The man saw the woman, Eve, and understood her. And she became pregnant and gave birth to Cain [which sounds like ‘erect’ in Hebrew]. “I have erected a man, with the help of Yahweh,” she said. Later, she gave birth to his brother, Abel. Abel was a shepherd, and Cain farmed the earth.
In time, Cain brought crops of fruit and grain to Yahweh, and Abel brought the fat of his firstborn lambs. Yahweh accepted Abel’s offering, but rejected Cain’s. When this happened, Cain’s face dropped with anger so Yahweh said to him, “Why so angry? You will be accepted too, if you resist. But if you don’t, domination is skulking at your door; it lusts after you, but you must master it!”
Cain called his brother out to the field, and killed him there.
Yahweh said to Cain, “Where is your brother, Abel?”
“How would I know?” said Cain. “Am I my brother’s shepherd?”
Yahweh sighed, angrily. “Listen! Your brother’s dam [blood] is screaming to me from the adamah [earth]! You are cursed by the earth, which has soaked Abel’s blood from your hand! When you farm the adamah, it won’t yield to you. Instead, you must become a nomad.”
“This punishment is more than I can take!” said Cain. “You have forced me apart from the ground so that I will be hidden from your face! I shall be forever on the run, my life is already over.”
“Not so!” said Yahweh quietly – was it defiant whisper or defeated sigh? And taking up needle and ink he tattooed Cain’s face, saying, “Whoever kills Cain will suffer vengeance seven times in return!”
Then Cain left Yahweh and settled in the Land of Wandering, East of Eden.
Cain saw his wife, and understood her, and she gave birth to Enoch. Cain then built a city, which he called Enoch, after his son.
Enoch’s son was Irad;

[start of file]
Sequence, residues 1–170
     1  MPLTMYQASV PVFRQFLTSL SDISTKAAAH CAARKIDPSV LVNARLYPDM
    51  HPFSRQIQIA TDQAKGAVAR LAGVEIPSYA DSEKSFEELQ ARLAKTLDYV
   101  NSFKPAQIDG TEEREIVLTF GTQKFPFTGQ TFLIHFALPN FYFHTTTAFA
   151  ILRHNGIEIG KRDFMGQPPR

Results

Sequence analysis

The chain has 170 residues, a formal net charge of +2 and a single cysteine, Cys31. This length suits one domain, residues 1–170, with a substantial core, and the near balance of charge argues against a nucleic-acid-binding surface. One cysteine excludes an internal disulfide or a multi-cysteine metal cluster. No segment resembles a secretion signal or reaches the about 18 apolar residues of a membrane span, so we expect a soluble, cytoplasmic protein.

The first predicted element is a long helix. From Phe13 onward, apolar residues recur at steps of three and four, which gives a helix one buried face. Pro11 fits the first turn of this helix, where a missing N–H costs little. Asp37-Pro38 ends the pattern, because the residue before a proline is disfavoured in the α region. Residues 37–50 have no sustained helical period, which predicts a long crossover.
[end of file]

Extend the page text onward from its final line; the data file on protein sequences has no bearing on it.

Irad’s son was Mehujael;
Mehujael’s son was Methushael;
Methushael’s son was Lamech.
Lamech had two wives, Adah and Zillah.
Adah gave birth to Jabal, who was the ancestor of the nomadic shepherds. His brother was Jubal, ancestor to the musicians.
Zillah gave birth to Tubal-Cain, who made tools with bronze and iron. Tubal-Cain’s sister was Naamah.
“Adah and Zillah, listen! I’ll tweet this;
this story’s tremendous, the best-rated tale!
This kid I’ll call Rocky has wounded me bigly;
so I’ll wipe out his people to prove I’m a male.
Cain might take vengeance his seven times,
but Lamech’s big hands punch back seventy!”
Once again, Adam saw the woman, and understood her, and she gave birth to Seth [which sounds like ‘place’ in Hebrew]. This time she said, “Elohim has placed another seed with me instead of Abel.” Seth had a son called Enosh.
It was around that time that people first began to pollute the name Yahweh.
- The Hebrew word plays of this chapter seem significant, but are almost impossible to translate. So I have used editorial brackets to explain them.
- Hebrew narrative is very sparse, so includes very little description of how things are said. I included a few additional descriptions in this chapter to explore the character of Yahweh, adding emotion to this communication. It’s a move I am unsure about, because part of the ‘otherness’ of the story is the space it leaves for meaning and imagination, in contrast to overdetermined English literature. However, in the end I decided to use additions, but sparingly. The problem with not doing so is that the reader can find themselves unable to emotionally access a story in which the emptiness of the narrative can sometimes be an emptiness of meaning.
- Translating Lamech’s song is a movement beyond trying to rephrase the Hebrew in English. By using well-known idioms of President Trump’s language I am – I would argue – better able to re-present the spirit of Lamech’s words. It’s a translation that reaches for an impact that shows faith in the original, rather than a particular form of words.